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Western Press Review: Repression In Central Asia, Russia-Iran Nuclear Cooperation, And Afghan Economic Security

Prague, 9 January 2003 (RFE/RL) -- Topics addressed in today's Western press commentary include political repression in Central Asia, the economics of security in Afghanistan, the foundering Mideast peace process, Russia's nuclear support to Iran, and recent moves toward diplomacy between Iraq and North Korea.


Writing in the U.S-based "Newsweek" magazine, Eve Conant says that Central Asia today is characterized by repressive political regimes throughout the region. After escaping unscathed from an alleged assassination attempt in November, Turkmen President Saparmurat Niyazov launched a "nationwide witch-hunt" for those involved, including dozens of arrests, televised confessions, and rushed trials.

But condemnations of Niyazov's tactics have been scarce, she says. And his methods seem to be representative of regimes throughout the region. Kazakhstan's President Nursultan Nazarbaev sent his two most strident political opponents "to prison camps on the freezing Kazakh steppe" last year. In Kyrgyzstan, President Askar Akaev -- who Conant says was "once considered one of Central Asia's most courageous reformers" -- has rolled back press freedoms. Phone taps of Kyrgyz journalists are common, "and several opposition newspapers have [been] shut down." Reports of widespread torture "continue unabated" under Uzbekistan's Islam Karimov.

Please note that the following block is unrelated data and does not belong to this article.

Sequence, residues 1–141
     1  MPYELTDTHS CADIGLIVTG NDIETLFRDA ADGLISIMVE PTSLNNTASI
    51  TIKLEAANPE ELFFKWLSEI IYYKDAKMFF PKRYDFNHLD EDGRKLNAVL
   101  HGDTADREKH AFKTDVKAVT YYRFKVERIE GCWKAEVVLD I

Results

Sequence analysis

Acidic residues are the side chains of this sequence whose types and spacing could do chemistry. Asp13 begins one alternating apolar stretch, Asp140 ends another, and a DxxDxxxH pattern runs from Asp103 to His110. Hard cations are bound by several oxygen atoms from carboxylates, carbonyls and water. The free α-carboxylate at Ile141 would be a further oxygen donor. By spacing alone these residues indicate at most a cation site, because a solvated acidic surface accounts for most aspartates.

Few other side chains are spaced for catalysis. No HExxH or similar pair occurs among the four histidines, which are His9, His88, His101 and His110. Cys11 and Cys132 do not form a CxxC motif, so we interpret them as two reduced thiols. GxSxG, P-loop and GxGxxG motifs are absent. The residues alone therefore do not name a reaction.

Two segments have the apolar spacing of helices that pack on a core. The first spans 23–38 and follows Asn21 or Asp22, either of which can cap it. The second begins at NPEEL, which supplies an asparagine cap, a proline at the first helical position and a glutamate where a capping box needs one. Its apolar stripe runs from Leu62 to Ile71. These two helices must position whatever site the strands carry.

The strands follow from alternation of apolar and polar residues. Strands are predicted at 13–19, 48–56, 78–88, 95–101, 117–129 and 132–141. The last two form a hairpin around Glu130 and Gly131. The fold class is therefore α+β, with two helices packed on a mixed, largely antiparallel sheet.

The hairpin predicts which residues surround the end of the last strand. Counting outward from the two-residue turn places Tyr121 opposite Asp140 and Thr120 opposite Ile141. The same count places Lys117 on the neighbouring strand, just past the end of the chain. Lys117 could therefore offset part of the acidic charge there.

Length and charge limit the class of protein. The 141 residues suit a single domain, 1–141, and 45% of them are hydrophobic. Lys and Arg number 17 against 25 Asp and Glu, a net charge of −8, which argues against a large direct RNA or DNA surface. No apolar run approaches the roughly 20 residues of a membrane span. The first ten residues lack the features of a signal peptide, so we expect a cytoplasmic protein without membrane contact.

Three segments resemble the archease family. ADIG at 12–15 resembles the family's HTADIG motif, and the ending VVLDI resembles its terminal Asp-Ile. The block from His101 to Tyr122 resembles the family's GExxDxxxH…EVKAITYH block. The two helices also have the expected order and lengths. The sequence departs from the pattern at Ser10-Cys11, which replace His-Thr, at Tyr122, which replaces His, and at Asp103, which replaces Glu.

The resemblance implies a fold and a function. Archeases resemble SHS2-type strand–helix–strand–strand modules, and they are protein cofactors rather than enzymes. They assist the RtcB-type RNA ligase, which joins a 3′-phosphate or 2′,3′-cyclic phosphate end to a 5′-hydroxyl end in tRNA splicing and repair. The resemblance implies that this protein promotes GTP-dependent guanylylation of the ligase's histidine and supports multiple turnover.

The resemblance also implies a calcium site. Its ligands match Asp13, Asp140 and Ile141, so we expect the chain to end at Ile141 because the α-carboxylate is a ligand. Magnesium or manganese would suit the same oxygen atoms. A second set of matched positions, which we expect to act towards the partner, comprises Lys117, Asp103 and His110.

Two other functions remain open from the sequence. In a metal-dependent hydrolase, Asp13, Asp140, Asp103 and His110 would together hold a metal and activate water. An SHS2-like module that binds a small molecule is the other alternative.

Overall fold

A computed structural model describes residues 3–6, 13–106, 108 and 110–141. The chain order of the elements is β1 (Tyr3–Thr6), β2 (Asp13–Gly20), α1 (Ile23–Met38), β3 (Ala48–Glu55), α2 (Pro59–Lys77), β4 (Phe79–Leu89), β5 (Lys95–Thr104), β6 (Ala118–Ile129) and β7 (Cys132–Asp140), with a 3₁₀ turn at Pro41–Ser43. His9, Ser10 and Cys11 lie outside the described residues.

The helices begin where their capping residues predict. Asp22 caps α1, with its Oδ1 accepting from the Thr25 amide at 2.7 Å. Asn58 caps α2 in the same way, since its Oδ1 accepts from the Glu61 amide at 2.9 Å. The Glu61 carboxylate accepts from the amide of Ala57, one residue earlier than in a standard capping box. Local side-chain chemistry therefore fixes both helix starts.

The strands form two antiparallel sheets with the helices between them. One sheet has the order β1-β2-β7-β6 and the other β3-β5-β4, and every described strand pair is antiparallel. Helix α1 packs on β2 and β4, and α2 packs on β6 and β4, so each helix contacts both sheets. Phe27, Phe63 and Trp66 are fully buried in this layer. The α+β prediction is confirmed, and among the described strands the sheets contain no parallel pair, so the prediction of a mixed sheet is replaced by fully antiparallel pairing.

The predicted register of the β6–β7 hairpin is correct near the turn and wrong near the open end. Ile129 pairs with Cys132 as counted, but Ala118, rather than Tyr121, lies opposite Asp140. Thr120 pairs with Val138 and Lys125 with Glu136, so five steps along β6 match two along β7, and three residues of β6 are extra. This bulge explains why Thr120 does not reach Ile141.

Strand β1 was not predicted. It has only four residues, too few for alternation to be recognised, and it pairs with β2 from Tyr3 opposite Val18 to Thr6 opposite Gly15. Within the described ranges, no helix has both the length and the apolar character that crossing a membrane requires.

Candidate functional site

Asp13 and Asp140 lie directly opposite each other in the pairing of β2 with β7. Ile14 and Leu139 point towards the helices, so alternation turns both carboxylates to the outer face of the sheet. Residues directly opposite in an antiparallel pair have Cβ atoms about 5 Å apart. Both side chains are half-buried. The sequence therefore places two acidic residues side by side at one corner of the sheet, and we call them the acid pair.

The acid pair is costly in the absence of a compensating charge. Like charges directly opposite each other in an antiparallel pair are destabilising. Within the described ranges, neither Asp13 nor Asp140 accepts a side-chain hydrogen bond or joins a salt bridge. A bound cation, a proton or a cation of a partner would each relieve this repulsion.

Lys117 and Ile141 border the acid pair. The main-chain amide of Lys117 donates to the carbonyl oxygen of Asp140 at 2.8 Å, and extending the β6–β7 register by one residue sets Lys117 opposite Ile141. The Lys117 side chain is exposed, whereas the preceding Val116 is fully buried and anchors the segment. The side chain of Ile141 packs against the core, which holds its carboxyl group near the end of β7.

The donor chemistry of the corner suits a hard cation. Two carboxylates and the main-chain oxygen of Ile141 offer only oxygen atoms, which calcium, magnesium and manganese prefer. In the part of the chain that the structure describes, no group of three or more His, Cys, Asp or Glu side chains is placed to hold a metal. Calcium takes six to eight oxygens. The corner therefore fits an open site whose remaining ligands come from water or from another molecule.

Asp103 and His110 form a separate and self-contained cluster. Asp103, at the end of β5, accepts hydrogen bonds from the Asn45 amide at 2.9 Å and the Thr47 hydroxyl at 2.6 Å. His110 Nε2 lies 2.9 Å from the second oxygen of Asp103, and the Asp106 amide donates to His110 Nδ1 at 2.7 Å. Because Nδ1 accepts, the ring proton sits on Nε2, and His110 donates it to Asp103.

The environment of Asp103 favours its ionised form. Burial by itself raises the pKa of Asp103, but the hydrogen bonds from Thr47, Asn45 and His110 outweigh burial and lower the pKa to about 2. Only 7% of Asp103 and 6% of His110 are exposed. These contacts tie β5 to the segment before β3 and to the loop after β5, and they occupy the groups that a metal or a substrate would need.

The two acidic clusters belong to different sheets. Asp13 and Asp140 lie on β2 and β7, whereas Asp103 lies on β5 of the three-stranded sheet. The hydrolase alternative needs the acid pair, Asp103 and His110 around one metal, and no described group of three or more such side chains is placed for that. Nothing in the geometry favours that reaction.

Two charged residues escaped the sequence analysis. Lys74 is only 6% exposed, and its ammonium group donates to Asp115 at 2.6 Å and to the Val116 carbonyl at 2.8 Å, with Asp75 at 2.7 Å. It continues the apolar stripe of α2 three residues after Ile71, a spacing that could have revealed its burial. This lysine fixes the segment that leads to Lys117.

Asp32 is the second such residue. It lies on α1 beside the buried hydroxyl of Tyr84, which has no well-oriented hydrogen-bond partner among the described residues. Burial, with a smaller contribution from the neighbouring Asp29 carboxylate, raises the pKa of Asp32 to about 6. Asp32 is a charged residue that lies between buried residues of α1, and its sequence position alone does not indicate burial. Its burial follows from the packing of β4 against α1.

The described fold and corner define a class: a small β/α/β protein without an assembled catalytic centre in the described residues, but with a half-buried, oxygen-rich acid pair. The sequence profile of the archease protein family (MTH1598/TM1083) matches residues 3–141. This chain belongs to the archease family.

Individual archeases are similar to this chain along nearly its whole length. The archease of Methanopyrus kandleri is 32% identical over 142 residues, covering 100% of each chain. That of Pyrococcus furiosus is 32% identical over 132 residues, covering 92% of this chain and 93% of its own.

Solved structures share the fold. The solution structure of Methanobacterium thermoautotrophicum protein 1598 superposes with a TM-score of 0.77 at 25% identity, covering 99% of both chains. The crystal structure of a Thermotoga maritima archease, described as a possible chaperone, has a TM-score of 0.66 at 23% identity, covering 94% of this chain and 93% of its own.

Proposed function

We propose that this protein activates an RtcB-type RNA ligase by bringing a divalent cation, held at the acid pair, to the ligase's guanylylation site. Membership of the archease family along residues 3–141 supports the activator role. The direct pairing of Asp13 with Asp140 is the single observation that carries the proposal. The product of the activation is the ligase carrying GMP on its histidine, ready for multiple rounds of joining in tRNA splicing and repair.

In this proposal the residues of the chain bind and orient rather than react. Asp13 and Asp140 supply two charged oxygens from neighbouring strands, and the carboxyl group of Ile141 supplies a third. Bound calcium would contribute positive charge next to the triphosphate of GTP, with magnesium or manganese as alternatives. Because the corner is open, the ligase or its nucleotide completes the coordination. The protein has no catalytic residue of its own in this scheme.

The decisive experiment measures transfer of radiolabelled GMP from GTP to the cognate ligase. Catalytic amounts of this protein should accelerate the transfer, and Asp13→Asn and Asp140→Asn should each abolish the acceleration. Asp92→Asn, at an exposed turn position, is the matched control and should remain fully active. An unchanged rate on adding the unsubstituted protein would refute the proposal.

Conant says independence for these formerly Soviet countries "may have lifted Moscow's iron fist," but "homegrown dictators" appear "happy to pick up the slack." Most dismaying, she says, is the fact that the recent crackdowns on freedoms are coming after the Central Asian republics "attracted world attention and hundreds of millions of dollars in new assistance for their willingness to allow U.S. bases in the region. Rather than discouraging such strong-arm tactics, [the] money seems to have given local dictators free rein."


An editorial in "The New York Times" today says the administration of U.S. President George W. Bush "belatedly but smartly reversed direction on North Korea this week by offering to begin direct talks with Pyongyang about its nuclear-weapons programs." The paper says the goal of these discussions should be the "quick and verifiable end to the North's nuclear ambitions."

If Pyongyang decides to cooperate regarding the international community's concerns over its renewed plutonium-enrichment program, the paper says Washington may then agree to negotiate "on issues like food and fuel aid, a framework for peaceful relations and eventual diplomatic recognition. North Korea remains an abhorrent police state," writes the editorial. "Offering greater engagement in return for verifiable arms control holds the best hope for nudging it toward a less totalitarian future and reducing the threat it poses to other countries."